The US Navy (USN) and US Marine Corps (USMC) should consider developing and building 'light carrier'-type ships to support littoral operations associated with amphibious missions, the Center for Strategic and Budgetary Assessments (CSBA) recommended in a report published on 16 November.
"The navy and Marine Corps should develop a variant of the LHA [amphibious assault ships] equipped with a catapult-assisted take-off but arrested recovery [CATOBAR] system that could be classified as a light carrier [CVL]", the Washington-based think tank said. The report is part of a larger navy-sponsored force structure study due to be released soon, according to CSBA and USN representatives.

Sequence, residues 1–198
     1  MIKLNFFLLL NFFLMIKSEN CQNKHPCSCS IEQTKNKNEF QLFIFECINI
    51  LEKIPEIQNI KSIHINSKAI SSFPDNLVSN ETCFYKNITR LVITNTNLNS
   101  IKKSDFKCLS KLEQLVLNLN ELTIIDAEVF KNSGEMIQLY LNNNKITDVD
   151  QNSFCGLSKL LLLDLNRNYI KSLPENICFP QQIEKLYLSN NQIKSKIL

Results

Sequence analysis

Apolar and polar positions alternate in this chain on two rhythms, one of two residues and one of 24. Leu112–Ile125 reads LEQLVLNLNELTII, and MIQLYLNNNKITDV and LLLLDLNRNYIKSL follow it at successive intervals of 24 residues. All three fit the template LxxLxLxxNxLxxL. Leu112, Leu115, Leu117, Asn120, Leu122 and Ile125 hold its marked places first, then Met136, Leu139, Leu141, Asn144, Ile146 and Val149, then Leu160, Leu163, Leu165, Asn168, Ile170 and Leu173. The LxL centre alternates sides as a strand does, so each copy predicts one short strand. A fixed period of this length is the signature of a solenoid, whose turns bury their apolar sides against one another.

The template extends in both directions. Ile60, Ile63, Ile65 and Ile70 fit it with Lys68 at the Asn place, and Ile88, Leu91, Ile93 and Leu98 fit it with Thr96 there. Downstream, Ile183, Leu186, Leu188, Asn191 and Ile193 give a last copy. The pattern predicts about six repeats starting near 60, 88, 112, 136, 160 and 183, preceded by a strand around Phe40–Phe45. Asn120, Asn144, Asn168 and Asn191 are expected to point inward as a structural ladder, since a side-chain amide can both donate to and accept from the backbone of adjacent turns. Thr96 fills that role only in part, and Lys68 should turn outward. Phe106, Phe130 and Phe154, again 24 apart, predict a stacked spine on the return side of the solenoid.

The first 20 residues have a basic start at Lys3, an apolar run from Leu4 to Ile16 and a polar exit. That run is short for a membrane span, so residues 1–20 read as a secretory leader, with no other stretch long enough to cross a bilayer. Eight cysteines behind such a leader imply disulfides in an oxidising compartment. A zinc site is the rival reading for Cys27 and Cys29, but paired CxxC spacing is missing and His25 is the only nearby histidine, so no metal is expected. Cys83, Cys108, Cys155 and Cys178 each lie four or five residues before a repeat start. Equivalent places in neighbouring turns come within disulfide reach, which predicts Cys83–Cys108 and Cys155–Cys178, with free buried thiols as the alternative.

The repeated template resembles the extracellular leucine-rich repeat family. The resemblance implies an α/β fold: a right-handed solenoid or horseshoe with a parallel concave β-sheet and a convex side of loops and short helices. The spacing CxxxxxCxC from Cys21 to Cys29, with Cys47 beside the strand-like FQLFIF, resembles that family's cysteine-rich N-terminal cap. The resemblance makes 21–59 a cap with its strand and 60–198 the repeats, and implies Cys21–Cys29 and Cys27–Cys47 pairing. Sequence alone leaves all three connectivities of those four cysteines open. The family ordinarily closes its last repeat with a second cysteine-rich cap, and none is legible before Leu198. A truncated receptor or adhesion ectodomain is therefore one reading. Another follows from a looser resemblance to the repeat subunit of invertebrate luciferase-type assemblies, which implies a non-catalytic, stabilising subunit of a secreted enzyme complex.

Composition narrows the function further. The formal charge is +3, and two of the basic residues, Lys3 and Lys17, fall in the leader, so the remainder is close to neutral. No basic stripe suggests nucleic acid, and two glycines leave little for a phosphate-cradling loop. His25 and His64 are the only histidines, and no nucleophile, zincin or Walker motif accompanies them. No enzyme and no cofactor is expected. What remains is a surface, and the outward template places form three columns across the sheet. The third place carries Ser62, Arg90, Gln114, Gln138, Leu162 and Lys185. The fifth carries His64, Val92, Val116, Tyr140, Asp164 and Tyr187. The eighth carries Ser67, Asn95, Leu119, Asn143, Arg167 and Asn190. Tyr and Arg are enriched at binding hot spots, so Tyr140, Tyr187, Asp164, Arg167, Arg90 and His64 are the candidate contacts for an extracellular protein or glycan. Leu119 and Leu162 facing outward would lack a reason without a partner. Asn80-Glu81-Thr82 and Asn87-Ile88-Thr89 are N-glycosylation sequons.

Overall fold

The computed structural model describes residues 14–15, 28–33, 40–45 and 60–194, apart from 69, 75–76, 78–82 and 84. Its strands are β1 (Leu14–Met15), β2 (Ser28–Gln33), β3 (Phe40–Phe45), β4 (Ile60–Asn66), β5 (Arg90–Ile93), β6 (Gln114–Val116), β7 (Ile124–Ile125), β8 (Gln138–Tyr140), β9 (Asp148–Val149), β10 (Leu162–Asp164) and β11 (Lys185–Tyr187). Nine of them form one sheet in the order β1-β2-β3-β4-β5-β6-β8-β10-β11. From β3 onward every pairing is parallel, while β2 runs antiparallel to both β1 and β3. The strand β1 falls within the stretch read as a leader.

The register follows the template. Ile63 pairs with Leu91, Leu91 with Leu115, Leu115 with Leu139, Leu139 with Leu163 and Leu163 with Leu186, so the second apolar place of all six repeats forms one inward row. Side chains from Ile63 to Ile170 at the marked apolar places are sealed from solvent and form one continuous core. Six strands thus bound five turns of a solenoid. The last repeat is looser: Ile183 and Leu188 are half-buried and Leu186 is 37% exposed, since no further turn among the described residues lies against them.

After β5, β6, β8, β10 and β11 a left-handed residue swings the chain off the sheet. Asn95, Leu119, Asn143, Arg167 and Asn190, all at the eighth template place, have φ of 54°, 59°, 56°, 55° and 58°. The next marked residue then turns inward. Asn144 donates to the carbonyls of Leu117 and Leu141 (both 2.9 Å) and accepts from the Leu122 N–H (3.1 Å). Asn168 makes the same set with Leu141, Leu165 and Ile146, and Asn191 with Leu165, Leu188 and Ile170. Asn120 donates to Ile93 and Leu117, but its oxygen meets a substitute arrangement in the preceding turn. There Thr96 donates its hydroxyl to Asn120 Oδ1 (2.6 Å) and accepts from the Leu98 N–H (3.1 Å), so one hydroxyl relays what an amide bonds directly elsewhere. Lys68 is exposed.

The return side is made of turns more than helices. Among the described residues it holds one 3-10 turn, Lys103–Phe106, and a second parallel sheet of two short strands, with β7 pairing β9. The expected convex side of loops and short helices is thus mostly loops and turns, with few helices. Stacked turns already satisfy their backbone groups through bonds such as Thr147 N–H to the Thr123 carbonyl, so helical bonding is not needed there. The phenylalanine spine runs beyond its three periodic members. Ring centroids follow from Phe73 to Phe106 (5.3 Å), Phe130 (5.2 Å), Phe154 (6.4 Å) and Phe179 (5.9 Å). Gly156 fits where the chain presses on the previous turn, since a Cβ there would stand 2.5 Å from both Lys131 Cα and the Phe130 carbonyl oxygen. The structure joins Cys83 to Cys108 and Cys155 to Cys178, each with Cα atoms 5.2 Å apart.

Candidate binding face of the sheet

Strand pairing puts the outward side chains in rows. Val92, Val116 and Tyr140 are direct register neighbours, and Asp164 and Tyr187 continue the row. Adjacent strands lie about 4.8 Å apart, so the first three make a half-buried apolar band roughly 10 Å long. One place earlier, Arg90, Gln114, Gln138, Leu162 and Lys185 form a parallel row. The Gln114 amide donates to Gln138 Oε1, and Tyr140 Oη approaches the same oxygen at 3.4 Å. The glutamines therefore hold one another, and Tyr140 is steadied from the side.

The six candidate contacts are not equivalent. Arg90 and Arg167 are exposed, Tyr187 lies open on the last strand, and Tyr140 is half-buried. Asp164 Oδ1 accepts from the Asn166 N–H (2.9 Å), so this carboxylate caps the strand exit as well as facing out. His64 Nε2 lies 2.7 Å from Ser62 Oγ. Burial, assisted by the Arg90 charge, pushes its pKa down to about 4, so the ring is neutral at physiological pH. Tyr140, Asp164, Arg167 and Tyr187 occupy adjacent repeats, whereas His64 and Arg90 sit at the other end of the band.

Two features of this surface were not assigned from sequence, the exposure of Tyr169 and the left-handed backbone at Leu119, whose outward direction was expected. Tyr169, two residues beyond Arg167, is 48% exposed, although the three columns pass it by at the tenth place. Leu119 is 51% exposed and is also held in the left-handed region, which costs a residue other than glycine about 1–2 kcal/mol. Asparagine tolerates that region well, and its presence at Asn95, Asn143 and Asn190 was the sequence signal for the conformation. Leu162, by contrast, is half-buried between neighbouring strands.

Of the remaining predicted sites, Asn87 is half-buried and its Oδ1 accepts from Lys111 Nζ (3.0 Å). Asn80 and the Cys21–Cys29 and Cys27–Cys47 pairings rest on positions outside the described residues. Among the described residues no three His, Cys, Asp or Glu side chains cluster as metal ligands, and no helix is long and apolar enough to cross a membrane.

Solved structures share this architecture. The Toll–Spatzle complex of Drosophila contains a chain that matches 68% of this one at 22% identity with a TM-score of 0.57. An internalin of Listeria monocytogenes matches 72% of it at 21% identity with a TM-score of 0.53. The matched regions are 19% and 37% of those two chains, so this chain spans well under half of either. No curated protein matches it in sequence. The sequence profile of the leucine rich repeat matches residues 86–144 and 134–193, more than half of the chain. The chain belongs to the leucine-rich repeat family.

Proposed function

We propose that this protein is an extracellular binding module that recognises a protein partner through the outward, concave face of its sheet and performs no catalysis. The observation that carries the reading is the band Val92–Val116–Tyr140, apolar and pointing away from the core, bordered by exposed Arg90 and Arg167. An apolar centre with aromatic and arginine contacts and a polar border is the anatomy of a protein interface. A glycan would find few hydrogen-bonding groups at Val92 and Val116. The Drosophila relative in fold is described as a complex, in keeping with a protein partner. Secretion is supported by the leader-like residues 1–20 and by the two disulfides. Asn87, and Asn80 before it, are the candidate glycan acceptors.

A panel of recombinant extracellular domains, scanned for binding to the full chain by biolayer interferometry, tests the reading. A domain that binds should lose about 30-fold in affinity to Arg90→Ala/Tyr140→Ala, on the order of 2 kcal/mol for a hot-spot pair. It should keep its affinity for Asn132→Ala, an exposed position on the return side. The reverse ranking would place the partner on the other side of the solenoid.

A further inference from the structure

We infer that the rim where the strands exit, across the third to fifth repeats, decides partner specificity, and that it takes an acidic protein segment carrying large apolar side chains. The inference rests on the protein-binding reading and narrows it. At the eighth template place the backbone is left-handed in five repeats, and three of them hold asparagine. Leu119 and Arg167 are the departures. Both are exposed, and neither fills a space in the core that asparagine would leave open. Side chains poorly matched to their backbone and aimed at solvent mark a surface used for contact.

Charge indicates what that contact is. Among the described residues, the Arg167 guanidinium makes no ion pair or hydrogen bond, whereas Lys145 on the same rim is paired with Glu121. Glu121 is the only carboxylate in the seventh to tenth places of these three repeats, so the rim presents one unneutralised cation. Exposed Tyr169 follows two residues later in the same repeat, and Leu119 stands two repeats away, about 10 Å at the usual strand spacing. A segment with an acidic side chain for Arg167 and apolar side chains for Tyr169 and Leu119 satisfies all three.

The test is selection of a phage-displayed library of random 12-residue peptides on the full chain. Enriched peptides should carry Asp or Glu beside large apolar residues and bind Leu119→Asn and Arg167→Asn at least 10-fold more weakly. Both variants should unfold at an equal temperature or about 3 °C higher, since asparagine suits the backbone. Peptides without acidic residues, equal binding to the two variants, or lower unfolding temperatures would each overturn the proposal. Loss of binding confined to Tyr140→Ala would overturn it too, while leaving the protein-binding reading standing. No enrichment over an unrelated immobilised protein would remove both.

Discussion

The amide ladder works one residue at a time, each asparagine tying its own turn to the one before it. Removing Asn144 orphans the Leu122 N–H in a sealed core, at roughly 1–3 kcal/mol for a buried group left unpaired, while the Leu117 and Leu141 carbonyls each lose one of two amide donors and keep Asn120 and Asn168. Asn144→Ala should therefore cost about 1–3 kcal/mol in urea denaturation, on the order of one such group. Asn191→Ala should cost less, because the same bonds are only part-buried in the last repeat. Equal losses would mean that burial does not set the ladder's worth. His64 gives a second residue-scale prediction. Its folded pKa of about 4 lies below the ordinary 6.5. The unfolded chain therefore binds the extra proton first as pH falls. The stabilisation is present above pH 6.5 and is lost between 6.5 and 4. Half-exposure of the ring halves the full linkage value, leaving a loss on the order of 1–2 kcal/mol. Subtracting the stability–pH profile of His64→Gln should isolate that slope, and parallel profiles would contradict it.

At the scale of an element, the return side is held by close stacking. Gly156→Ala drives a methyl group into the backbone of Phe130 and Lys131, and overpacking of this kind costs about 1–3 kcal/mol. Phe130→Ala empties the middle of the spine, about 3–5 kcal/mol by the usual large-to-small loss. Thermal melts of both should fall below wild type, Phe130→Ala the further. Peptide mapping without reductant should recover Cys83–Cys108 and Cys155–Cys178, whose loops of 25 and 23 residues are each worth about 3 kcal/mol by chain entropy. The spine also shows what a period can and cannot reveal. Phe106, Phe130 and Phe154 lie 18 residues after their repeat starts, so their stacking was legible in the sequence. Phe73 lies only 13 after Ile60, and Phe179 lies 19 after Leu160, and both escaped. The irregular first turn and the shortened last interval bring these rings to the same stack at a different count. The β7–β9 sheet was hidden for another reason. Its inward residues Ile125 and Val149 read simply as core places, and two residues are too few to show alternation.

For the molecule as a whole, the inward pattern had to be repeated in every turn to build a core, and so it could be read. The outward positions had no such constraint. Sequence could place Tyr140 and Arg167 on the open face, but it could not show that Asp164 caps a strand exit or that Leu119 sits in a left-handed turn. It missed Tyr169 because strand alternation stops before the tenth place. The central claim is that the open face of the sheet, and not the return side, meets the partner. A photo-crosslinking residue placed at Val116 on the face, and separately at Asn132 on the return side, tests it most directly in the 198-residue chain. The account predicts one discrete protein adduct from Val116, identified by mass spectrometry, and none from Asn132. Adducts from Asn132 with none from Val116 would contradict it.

"With an overall displacement of between 40,000 and 60,000 tons, these vessels would resemble Midway-class carriers in size and capacity," CSBA said. "The addition of a catapult would allow non-STOVL [short take-off/vertical landing] carrier aircraft to operate from its deck such as the E-2D and E/A-18G Growler Airborne Electronic Attack aircraft."
The introduction of CVLs implies a need for a larger and more diverse amphibious fleet, CSBA said. Under the force structure study, CSBA is developing an alternative 30-year shipbuilding plan; under this alternative proposal, "[the] new amphibious fleet includes three LHAs and four CVLs procured at the same rate as the seven LHAs in the current US Navy plan" for fiscal year 2017, the report said…